The president showed a bit of “Chicago rules” for SCOTUS yesterday, which should push any wavering anti-Obamacare justice into the “strike-it-all-down” camp. It is truly a remarkable thing for the POTUS to ramble on about the SCOTUS, but we saw it before in the 2010 State of the Union, and we will hear all about it throughout the summer and fall, and Obama tries to make the Court’s exercise of its authority to “say what the law is” yet another occasion for wrecking yet another institution.
The Wall Street Journal has a piece on this absurd bit of editorializing. Senator Kyl has a piece in today’s Wall Street Journal on this absurdity. I interviewed Senator Jon Kyl about the president’s absurd and stilted remarks –“duly constituted law”?– and that transcript is here. (Kyl also has an important piece in the Journal on the president’s tete-a-tete with Russia’s Medvedev.) Read the whole thing for updates on spending and missile defense, but here’s the key exchange on the president’s assault on the Court:
HH: Well, I want to start with you by playing for you something the President said, and I remind everyone that Senator Kyl’s been on Judiciary for as, have you been on it for all eighteen years?
JK: Yes, I have.
[# More #]
HH: Okay, so eighteen years of Judiciary hearings, and here is what the President of the United States said today about the Supreme Court hearing last week.
BHO: I’d just remind conservative commentators that for years what we’ve heard is the biggest problem on the bench was judicial activism or a lack of judicial restraint, that an unelected group of people would somehow overturn a duly constituted and passed law. Well, this is a good example.
HH: What do you think of that, Senator Kyl (laughing)?
JK: Well, the Wall Street Journal had a great lead editorial this morning answering that question. Liberals are very happy when the Supreme Court strikes down things that they don’t like. And they, of course, don’t call that judicial activism at all. And the Journal gave numerous examples of that, hailed by the Democrats as forward thinking, and the living Constitution, and all the rest of it you’re familiar with. But if the Court ever says Congress has gone too far here in stretching its authority under the Commerce Clause, whoa, couldn’t have that. That would be judicial activism. No, judicial activism in this case would be to affirm that the Congress has a right that the founders never intended it to have, namely to force people to buy something to create commerce so that then Congress can regulate it. That would be judicial activism.
HH: Senator Kyl, obviously you’ve hashed out the Commerce Clause jurisprudence issue many times in confirmation hearings. And given that background, what did you make of the arguments last week?
JK: You know, it’s hard to, obviously, nobody’s making predictions based upon the questions of the justices, but it’s clear that they were very much up on the arguments, they’d read the briefs, they were familiar with them, and it seemed like they were internalizing some of the points that were made there. But don’t read anything into a specific question by a specific justice is I guess what I would say. But they did focus very specifically on this question of whether you can create commerce in order to regulate it. That’s never been done before. It would be judicial activism for the Court to permit that. And in effect, the Court invited the lawyers for the government to draw a line to show some line that would be impermissible for the government to cross. They couldn’t do that.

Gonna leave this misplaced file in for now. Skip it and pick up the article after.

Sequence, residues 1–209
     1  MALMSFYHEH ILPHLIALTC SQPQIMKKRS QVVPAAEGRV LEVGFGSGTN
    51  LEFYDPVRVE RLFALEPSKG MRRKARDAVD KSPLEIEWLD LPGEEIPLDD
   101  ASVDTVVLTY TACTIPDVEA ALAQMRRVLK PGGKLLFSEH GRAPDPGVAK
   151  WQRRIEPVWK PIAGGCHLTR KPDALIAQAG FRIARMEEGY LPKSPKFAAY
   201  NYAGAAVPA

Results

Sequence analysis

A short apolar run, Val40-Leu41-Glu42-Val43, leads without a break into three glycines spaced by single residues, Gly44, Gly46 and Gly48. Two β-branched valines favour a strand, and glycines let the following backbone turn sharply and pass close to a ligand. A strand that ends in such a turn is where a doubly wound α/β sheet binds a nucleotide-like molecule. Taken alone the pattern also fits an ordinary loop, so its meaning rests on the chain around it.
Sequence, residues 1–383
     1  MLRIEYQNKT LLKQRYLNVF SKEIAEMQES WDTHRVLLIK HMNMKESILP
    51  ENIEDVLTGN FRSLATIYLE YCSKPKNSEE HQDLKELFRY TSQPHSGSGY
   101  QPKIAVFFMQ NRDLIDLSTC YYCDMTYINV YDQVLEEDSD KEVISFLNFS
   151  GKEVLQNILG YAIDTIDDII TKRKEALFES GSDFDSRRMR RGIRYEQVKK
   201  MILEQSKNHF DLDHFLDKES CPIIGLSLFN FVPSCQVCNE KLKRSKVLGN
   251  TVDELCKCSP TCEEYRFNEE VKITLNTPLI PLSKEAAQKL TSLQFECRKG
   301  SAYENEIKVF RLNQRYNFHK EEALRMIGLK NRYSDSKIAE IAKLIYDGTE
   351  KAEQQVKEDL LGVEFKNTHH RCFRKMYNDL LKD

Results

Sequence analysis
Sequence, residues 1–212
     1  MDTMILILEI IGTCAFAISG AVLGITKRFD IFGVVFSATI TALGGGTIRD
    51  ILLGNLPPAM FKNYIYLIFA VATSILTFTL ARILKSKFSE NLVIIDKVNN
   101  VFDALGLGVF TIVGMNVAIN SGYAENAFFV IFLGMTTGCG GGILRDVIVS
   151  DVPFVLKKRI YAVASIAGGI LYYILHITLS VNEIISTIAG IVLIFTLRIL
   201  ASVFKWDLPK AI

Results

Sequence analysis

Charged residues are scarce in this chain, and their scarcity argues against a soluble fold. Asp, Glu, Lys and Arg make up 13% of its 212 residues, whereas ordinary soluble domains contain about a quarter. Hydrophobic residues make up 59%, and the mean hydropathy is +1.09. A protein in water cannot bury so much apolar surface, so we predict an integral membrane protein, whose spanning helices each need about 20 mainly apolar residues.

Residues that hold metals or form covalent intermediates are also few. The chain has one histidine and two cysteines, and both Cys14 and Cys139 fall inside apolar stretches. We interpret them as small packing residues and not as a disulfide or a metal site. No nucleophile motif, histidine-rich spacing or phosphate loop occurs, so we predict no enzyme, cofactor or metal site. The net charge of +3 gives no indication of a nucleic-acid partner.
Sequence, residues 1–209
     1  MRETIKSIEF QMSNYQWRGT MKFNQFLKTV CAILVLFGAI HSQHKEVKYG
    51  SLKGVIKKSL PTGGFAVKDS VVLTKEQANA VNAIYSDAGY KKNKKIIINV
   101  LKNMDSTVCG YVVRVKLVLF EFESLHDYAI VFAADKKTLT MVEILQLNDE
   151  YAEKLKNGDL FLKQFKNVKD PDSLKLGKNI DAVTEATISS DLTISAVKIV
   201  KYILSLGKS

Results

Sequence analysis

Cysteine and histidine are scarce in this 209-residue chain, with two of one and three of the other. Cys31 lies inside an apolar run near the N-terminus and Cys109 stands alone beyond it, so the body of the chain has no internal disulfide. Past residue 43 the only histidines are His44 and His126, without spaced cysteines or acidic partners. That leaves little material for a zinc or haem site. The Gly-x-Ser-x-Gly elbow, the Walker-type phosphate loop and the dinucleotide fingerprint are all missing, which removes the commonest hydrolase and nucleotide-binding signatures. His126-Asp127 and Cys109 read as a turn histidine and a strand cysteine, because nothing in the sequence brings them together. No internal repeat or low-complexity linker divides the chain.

HH: Now of course, when the President says a duly constituted law, that’s gobbledygook. Every law that’s ever been struck down has gone through both sides of the Congress and signed by the President, or overridden a veto.
HH: So that’s just absurd.
JK: Well, of course, and this law was adopted by the slimmest of majorities. Remember that when Scott Brown was elected to the U.S. Senate, the Democrats then lost the ability to pass the second piece of the law. And as a result, they had to resort in this procedural gimmick, in effect, with control of the House of Representatives in their hands at that time, with a reconciliation budget process, which then enabled them, with merely 51 votes, to get the second half of that passed by the U.S. Senate, because they no longer had the 60 vote margin. So this is a law that was very unpopular at the time, and it remains at least as unpopular as it was then, by at least a 2-1 majority of the American people.
HH: Now Senator Kyl, in addition to the President’s rather absurd statements today, he’s engaged in some not very absurd but very radical conduct including appointing people to jobs using his recess appointment authority when your body wasn’t actually in recess. What did you make of those?
JK: Well, that, too, will be litigated. The Republican Senators have all agreed to sign onto a brief that will argue the Senate’s position, which is we define when we are in recess. The President can’t do that. And it has always been the tradition that if you are just over a weekend, for example, less than three days is basically the tradition, the tradition that Harry Reid himself, the Democratic leader, has adhered to in the past when President Bush was in a position to do the same thing that President Obama did here, but did not do so. And so that question will be litigated. I think the Senate’s position will be vindicated. And I do think the hypocrisy of some of our Democratic friends here is pretty stunning, when on the one hand, they’re willing to say they get to define what a recess is when President Bush is in office, but once President Obama is here, take the lid off the pot and let him do whatever he wants.